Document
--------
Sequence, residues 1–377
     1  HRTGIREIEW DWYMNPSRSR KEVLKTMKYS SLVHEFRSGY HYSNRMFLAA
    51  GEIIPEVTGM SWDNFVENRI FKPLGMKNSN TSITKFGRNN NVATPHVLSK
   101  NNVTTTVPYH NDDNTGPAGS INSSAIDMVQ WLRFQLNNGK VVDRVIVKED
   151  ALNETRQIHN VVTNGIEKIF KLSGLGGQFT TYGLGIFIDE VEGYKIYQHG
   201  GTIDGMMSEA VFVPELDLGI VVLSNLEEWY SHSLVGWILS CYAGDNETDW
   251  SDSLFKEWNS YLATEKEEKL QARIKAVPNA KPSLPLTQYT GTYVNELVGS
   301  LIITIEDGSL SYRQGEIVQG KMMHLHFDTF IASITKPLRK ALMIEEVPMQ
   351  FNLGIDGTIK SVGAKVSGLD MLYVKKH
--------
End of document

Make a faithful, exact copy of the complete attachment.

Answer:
Sequence, residues 1–377
     1  HRTGIREIEW DWYMNPSRSR KEVLKTMKYS SLVHEFRSGY HYSNRMFLAA
    51  GEIIPEVTGM SWDNFVENRI FKPLGMKNSN TSITKFGRNN NVATPHVLSK
   101  NNVTTTVPYH NDDNTGPAGS INSSAIDMVQ WLRFQLNNGK VVDRVIVKED
   151  ALNETRQIHN VVTNGIEKIF KLSGLGGQFT TYGLGIFIDE VEGYKIYQHG
   201  GTIDGMMSEA VFVPELDLGI VVLSNLEEWY SHSLVGWILS CYAGDNETDW
   251  SDSLFKEWNS YLATEKEEKL QARIKAVPNA KPSLPLTQYT GTYVNELVGS
   301  LIITIEDGSL SYRQGEIVQG KMMHLHFDTF IASITKPLRK ALMIEEVPMQ
   351  FNLGIDGTIK SVGAKVSGLD MLYVKKH